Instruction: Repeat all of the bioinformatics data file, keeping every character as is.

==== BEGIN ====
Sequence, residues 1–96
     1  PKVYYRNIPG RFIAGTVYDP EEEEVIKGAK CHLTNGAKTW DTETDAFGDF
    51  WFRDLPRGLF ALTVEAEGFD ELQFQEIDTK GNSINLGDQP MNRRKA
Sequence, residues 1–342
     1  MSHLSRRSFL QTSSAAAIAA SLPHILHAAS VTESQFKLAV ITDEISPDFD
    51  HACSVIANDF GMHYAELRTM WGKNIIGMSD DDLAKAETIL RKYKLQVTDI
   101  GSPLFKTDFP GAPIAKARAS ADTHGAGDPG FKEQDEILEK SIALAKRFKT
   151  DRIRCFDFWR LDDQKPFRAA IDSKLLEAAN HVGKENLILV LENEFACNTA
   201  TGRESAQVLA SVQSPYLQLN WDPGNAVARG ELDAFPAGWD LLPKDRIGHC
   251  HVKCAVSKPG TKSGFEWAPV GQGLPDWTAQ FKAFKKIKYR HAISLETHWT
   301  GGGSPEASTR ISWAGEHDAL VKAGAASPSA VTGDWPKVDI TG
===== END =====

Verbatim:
Sequence, residues 1–96
     1  PKVYYRNIPG RFIAGTVYDP EEEEVIKGAK CHLTNGAKTW DTETDAFGDF
    51  WFRDLPRGLF ALTVEAEGFD ELQFQEIDTK GNSINLGDQP MNRRKA
Sequence, residues 1–342
     1  MSHLSRRSFL QTSSAAAIAA SLPHILHAAS VTESQFKLAV ITDEISPDFD
    51  HACSVIANDF GMHYAELRTM WGKNIIGMSD DDLAKAETIL RKYKLQVTDI
   101  GSPLFKTDFP GAPIAKARAS ADTHGAGDPG FKEQDEILEK SIALAKRFKT
   151  DRIRCFDFWR LDDQKPFRAA IDSKLLEAAN HVGKENLILV LENEFACNTA
   201  TGRESAQVLA SVQSPYLQLN WDPGNAVARG ELDAFPAGWD LLPKDRIGHC
   251  HVKCAVSKPG TKSGFEWAPV GQGLPDWTAQ FKAFKKIKYR HAISLETHWT
   301  GGGSPEASTR ISWAGEHDAL VKAGAASPSA VTGDWPKVDI TG